Bridge series on ballot issues
Bridge Magazine is providing an in-depth look this week at three statewide ballot proposals Michigan voters will decide Nov. 6.
Throughout this crucial election year, Bridge and the nonprofit Center for Michigan are providing fact-based, data-driven information to voters about elections for Governor, Attorney General, Secretary of State and state legislative offices. This includes ballot initiatives. Today’s reports, on voting access, are the last of three this week.
TODAY: Proposal 3 (voting access)
- Michigan ballot issues: What to know about Prop 3 (voting rights)
- Prop 3 shows voters’ distrust. But is Michigan Constitution the best remedy?
- Who’s funding Michigan’s voting rights ballot proposal?
Proposal 2 (redistricting)
- Michigan ballot issues: What to know about Prop 2 (redistricting)
- Who is funding the fight over a redistricting proposal in Michigan
- 5 concerns about Michigan’s redistricting proposal and what to make of them
- Opinion: Redistricting proposal is confusing and bad for Michigan
- Opinion | Gerrymandering has been ‘weaponized’ in Michigan
- Phil: Michigan’s elections are rigged. Is redistricting proposal the answer?
Proposal 1 (legalizing recreational marijuana)
- Michigan’s ballot issues: What to know about Prop 1 (recreational pot)
- Who’s funding the fight over recreational marijuana in Michigan?
- Local governments across Michigan vexed over how to handle legal weed
- Pot in the workplace: Prop 1 has Michigan employers flummoxed
Proposal 3 — the initiative to solidify a variety of voting rights reforms in the state constitution — is organized by the group Promote the Vote, which bills itself as a coalition of groups including the Michigan NAACP, the League of Women Voters, the American Civil Liberties Union and more. As of July 20 (the last campaign finance reporting deadline), the ballot committee has spent $2.5 million on petition signature gathering, consulting and marketing.
The only organized opposition to Prop 3 is from a group called Protect My Vote, which was created Aug. 23 and lists Mary Doster as treasurer. She is married to Okemos election law attorney Eric Doster and also serves as campaign treasurer for Republican-nominated Supreme Court justices. The group hasn’t yet had to report its campaign finances, so it is unclear how much money it has received or spent. Mary Doster could not be reached for comment Wednesday.
Bankrolled by the ACLU
The vast majority of funding for Promote the Vote comes from the American Civil Liberties Union, a national non-profit group that works to protect constitutional rights through litigation, lobbying and other types of political organizing. It most often comes under fire from conservative organizations, but has also drawn ire from the left for working to protect the free speech rights of neo-Nazis and other hate groups, among other things. The national ACLU group based in New York has given $2.29 million to Promote the Vote as of the July filing deadline.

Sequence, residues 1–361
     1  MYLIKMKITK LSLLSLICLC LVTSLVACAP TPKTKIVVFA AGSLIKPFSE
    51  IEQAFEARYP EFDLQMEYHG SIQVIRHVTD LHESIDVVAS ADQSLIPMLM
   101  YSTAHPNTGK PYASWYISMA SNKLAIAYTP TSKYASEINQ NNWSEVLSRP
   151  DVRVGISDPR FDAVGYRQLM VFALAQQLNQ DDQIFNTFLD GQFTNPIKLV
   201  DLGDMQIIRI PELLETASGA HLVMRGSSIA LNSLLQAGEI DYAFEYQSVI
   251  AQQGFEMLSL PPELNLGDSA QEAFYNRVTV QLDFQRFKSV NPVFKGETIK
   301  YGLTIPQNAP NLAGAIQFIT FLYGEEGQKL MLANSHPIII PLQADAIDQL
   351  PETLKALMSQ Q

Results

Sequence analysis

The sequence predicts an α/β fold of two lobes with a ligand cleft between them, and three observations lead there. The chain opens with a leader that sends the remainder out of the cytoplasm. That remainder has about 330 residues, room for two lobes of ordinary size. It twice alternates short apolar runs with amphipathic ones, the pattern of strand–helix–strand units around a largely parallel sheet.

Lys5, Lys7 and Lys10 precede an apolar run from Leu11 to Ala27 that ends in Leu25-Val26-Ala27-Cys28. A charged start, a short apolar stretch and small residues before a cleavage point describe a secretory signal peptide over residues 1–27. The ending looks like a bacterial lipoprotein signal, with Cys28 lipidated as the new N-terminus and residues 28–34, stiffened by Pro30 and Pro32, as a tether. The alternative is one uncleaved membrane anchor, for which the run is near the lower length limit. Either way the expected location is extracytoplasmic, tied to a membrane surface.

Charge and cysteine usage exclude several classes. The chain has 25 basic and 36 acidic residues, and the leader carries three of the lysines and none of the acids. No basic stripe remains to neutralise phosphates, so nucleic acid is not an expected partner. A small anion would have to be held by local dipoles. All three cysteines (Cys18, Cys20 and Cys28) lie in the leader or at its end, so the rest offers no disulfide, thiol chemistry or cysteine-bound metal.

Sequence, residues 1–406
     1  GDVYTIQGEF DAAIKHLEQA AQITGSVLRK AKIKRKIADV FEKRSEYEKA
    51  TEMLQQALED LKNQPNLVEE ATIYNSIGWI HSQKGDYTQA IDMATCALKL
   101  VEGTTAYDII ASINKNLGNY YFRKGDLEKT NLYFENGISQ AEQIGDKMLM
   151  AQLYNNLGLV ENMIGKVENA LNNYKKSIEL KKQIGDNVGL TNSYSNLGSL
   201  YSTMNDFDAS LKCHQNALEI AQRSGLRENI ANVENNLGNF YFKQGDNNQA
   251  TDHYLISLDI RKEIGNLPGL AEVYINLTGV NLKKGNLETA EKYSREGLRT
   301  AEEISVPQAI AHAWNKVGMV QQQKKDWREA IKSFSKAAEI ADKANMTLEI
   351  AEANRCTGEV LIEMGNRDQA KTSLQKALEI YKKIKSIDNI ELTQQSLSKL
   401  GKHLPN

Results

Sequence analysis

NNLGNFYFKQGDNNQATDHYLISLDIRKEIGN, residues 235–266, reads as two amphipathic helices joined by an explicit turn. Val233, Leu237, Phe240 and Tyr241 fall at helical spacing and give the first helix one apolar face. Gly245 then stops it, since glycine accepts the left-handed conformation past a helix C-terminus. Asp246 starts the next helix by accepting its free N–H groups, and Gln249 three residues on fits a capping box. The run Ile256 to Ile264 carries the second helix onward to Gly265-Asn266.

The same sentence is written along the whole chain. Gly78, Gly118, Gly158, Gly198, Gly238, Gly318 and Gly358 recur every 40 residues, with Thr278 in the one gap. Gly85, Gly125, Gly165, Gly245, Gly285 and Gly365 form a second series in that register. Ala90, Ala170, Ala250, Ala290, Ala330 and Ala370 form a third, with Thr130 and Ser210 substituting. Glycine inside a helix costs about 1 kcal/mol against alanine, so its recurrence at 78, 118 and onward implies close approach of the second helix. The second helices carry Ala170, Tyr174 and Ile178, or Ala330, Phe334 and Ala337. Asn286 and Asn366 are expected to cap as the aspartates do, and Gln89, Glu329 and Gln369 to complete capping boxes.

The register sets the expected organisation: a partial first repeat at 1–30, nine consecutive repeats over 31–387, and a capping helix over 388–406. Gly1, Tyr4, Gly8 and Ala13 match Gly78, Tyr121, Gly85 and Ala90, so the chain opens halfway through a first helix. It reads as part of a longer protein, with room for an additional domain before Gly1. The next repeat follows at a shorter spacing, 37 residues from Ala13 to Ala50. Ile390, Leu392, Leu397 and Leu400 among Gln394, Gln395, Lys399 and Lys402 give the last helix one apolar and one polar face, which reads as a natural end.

The ACLU’s Michigan branch is Prop 3’s second-biggest funder. It is currently involved with nearly 80 lawsuits spanning issues such as environmental justice and LGBT rights. Earlier this year, it sued for the proposal to make the ballot but was later approved for the ballot by the Board of State Canvassers. It has contributed more than $265,000 to Promote the Vote.
Together, donations from the national and Michigan-based ACLUs account for 86 percent Promote the Vote’s funding through July.
The United Auto Workers is Prop 3’s third-largest funder, giving $150,000 as of the latest campaign finance filing deadline. The UAW is a longtime power broker in Michigan politics that has worked hand-in-glove with the Michigan Democratic Party for decades.
The California-based Campaign for Democracy gave $100,000. The group has no website, but in a business filing with the State of California said it is intended to “advance pro-voter democracy reforms that allow all voters to have an equal voice in their democracy.”
The next-largest donors are individuals: Rachel Bendit, wife of U-M regent and high-profile attorney Mark Bernstein, a Democrat, gave $51,400. Joseph Malcoun, CEO of sales automation software company Nutshell, gave $25,350. Diana Raimi and Patrice Aaron of Ann Arbor and Promote the Vote executive committee member Erica Peresman each gave $10,000.
The remaining funds — around two percent of Promote the Vote’s total funding — came from donors who gave lesser amounts.
In total, Promote the Vote received around 300 individual contributions at the time of its latest campaign filing. Eighty-five percent of the contributions came from people living in Michigan.